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The Kumamoto Reporter #05 – Kumamoto Castle: The Symbol of Hope

Chase Chase 24/02/2022 8 min read

Discover the history of Kumamoto Castle and its connection with manga!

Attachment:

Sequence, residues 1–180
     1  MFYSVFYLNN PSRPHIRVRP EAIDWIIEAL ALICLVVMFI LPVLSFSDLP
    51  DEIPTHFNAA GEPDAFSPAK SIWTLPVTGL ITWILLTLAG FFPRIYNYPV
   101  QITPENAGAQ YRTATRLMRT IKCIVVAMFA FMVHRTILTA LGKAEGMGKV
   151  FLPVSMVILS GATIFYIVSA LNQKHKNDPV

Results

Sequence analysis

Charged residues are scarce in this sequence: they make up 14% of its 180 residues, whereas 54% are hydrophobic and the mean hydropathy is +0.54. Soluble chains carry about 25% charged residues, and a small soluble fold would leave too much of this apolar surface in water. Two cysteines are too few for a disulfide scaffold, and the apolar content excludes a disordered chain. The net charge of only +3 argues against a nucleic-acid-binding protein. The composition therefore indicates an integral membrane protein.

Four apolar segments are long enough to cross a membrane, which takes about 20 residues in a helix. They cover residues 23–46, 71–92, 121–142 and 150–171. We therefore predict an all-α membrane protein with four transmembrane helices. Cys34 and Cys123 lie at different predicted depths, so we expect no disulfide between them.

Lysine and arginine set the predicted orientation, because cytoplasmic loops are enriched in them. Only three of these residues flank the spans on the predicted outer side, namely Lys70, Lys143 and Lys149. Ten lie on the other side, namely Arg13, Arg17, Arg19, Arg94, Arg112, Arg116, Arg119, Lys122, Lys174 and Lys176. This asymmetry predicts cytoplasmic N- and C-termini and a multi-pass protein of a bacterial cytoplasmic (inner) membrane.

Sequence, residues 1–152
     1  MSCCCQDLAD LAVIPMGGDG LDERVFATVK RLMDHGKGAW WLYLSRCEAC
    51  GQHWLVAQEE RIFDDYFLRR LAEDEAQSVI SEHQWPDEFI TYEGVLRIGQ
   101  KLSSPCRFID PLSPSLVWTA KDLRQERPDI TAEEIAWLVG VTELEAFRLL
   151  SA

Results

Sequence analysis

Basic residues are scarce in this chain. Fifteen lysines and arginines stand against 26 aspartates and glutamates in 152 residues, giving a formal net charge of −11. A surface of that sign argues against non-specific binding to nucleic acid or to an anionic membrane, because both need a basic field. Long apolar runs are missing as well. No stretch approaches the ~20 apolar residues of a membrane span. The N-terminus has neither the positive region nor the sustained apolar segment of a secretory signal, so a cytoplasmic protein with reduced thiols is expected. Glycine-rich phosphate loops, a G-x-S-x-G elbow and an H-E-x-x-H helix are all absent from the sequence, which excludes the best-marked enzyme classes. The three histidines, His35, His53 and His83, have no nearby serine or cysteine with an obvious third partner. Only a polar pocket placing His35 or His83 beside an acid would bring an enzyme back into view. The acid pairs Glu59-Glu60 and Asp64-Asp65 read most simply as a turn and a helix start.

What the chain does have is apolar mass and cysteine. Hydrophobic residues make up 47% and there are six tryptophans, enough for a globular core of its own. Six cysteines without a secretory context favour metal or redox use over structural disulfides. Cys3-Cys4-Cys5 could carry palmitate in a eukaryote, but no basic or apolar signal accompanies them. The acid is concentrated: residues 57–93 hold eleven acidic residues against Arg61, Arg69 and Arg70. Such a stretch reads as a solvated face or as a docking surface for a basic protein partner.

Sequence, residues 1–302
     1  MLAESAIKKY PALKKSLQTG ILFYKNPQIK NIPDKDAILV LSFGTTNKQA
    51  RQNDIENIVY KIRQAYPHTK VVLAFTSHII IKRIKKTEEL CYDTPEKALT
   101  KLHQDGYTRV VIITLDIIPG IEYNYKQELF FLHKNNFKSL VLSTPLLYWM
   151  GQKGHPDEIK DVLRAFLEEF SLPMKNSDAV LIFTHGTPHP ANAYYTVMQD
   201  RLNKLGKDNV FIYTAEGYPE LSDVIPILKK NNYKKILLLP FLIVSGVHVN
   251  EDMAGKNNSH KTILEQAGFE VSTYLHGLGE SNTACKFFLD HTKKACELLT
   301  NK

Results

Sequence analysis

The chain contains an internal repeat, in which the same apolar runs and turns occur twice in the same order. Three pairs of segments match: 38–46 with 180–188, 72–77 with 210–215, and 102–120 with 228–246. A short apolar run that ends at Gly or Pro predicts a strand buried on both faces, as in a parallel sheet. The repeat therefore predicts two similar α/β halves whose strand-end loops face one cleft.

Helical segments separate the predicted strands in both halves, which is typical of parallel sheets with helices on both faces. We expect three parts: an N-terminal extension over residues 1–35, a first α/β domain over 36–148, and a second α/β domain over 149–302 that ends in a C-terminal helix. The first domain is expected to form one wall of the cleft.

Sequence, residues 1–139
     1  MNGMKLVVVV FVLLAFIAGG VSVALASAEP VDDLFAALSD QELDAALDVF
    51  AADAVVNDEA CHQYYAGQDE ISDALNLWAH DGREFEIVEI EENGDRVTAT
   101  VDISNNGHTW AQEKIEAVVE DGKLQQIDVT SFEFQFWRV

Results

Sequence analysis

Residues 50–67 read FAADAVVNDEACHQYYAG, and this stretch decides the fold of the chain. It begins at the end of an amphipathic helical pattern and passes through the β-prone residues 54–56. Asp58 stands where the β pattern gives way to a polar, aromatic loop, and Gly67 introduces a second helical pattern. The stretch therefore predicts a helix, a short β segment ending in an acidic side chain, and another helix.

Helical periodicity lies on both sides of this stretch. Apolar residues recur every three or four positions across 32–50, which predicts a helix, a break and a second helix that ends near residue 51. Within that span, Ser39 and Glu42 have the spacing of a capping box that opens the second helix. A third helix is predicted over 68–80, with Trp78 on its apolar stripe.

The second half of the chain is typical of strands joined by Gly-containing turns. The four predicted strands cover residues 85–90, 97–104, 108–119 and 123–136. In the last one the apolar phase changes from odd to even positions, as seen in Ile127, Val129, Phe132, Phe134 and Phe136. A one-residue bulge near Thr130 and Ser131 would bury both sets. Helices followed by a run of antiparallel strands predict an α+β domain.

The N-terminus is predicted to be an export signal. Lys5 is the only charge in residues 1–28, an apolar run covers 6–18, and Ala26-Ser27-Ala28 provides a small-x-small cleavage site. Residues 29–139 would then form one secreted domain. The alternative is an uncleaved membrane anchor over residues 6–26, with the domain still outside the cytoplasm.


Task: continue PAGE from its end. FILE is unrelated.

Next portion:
Hi SMA community! Last time we learned even more about Kumamoto and Kyushu’s manga roots by taking a road trip through Kumamoto and Kyushu in search of famous manga and anime spots. This time we’ll take a look at a place that has special importance in Kumamoto and is connected to both manga and the Artists Village Aso 096k: Kumamoto Castle! First, let’s learn about Kiyomasa Katō, the wise warlord and “Tiger of Kumamoto” who built this legendary castle. Kiyomasa Katō: the Lord and “Tiger of Kumamoto” Kiyomasa Katō was the first feudal lord of Higo Province (present day Kumamoto). He was raised by the legendary Hideyoshi Toyotomi (one of the three “Great Unifiers of Japan”) and was called “Toranosuke,” which means “the son of a tiger.” While serving Hideyoshi, Kiyomasa distinguished himself on the battlefield and was known as a strong and brave general, said to be so brave that he even fought tigers. Kiyomasa became the lord of the northern half of Kumamoto at the mere age of 27, and after Hideyoshi’s death he gained the rest of Kumamoto’s land and even some of Hideyoshi’s forces. Loyal to Hideyoshi even after his death, Kiyomasa decided to build Kumamoto Castle as the symbol of rebellion against the Tokugawa Shogunate. Kiyomasa not only built the castle, but also enriched Kumamoto by designing the water irrigation and flood control systems, supporting local agriculture, and even trading with the Spanish and Portuguese Empires. The impenetrable castle Under Kiyomasa’s guidance, the construction of Kumamoto Castle was completed on top of the hilly plateau Mt. Chausu in 1607. Kumamoto Castle is known for its multi-storied towers called “yagura” and curved stone walls known as “musha-gaeshi.” There are also iron spikes called “shinobi-gaeshi” and traps used to keep out intruders, as well as an underground stone passageway called “Kuragari-Tsuro,” which is very unique compared to other Japanese castles. Thanks to these defensive features, Kumamoto Castle was called “the impenetrable castle” and “warrior-proof” during the times of the samurai. After Kiyomasa Katō After Kiyomasa Katō, the Hosokawa Clan ruled Kumamoto and resided in Kumamoto Castle. In 1877, a major battle took place at Kumamoto Castle between the Satsuma Clan in the south and the Meiji Government during the Satsuma Rebellion. Unfortunately, much of the castle burned down during the siege, but after the end of World War II the people of Kumamoto called to rebuild the castle, and most of it was restored in 2008. The 2016 Kumamoto Earthquake In 2016, Kumamoto Prefecture was struck by two strong earthquakes, which caused severe damage to Kumamoto Castle. The people of Kumamoto were devastated to see their beloved castle in such a state, but some of the towers and walls stood strong even after the earthquake, which gave people courage during this difficult time. Since it’s such a special historical site, many people outside Kumamoto Prefecture are contributing to its reconstruction, and in Spring 2021 the inner towers were finally reconstructed. Even though it’ll take many years to finish rebuilding Kumamoto Castle, it’s seen as a symbol of strength and resilience of Kumamoto Prefecture and a sign of its revival since the earthquake. The Kumamoto Castle Museum Wakuwakuza: Where manga comes alive As part of the revival of both Kumamoto Prefecture and Kumamoto Castle, the Kumamoto Castle Museum Wakuwakuza was built in the Sakuranobaba Josaien castle square.  “Wakuwaku” means “thrill” or “excitement” in Japanese, conveyed through its fun and interactive features to explore the history of the castle. Among the features included is a 3D model of the castle and projection mapping to show how the 2016 Kumamoto Earthquake damaged the castle. On the second floor of the museum, visitors can experience “Keiji’s Kabuki Adventure The Stage Play – Chapter of Kiyomasa Katō: The Tiger of Kumamoto,” the hottest new tourist attraction in Kumamoto! The stage play is based on the manga “Keiji’s Kabuki Adventure” (original Japanese title “Maeda Keiji Kabukitabi”) which is written by SMA judges Nobuhiko Horie and Tetsuo Hara-sensei and published by COAMIX Inc., the manga publishing company that hosts THE SILENT MANGA AUDITION®︎. The “096k Kumamoto Drama Company,” an all-female theater group who trains at our Artists Village Aso 096k, brings this adventure to life through authentic action, sword fights, songs, and dances for an explosive and entertaining performance. Be sure to check out the latest article from the Artists Village Insider to learn more about this all-female theater group whom we share the Artists Village with!